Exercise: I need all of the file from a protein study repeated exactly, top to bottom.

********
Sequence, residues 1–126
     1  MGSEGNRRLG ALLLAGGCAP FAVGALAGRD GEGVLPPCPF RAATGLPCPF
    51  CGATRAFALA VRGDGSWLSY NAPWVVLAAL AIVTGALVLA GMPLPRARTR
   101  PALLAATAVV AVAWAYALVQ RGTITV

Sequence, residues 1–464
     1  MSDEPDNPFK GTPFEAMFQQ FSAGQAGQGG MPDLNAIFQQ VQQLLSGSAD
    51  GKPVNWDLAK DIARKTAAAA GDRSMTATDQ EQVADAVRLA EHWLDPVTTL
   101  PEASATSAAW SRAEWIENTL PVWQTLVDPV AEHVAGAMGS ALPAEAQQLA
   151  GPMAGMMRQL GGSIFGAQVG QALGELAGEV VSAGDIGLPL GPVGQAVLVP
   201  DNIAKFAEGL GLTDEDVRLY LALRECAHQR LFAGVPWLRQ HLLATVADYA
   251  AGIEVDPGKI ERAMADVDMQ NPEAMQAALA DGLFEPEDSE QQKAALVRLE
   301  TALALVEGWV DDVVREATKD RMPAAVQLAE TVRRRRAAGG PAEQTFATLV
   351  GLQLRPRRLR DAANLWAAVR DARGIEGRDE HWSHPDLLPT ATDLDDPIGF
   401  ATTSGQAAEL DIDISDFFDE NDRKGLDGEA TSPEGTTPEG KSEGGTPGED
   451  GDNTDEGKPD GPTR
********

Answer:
Sequence, residues 1–126
     1  MGSEGNRRLG ALLLAGGCAP FAVGALAGRD GEGVLPPCPF RAATGLPCPF
    51  CGATRAFALA VRGDGSWLSY NAPWVVLAAL AIVTGALVLA GMPLPRARTR
   101  PALLAATAVV AVAWAYALVQ RGTITV

Sequence, residues 1–464
     1  MSDEPDNPFK GTPFEAMFQQ FSAGQAGQGG MPDLNAIFQQ VQQLLSGSAD
    51  GKPVNWDLAK DIARKTAAAA GDRSMTATDQ EQVADAVRLA EHWLDPVTTL
   101  PEASATSAAW SRAEWIENTL PVWQTLVDPV AEHVAGAMGS ALPAEAQQLA
   151  GPMAGMMRQL GGSIFGAQVG QALGELAGEV VSAGDIGLPL GPVGQAVLVP
   201  DNIAKFAEGL GLTDEDVRLY LALRECAHQR LFAGVPWLRQ HLLATVADYA
   251  AGIEVDPGKI ERAMADVDMQ NPEAMQAALA DGLFEPEDSE QQKAALVRLE
   301  TALALVEGWV DDVVREATKD RMPAAVQLAE TVRRRRAAGG PAEQTFATLV
   351  GLQLRPRRLR DAANLWAAVR DARGIEGRDE HWSHPDLLPT ATDLDDPIGF
   401  ATTSGQAAEL DIDISDFFDE NDRKGLDGEA TSPEGTTPEG KSEGGTPGED
   451  GDNTDEGKPD GPTR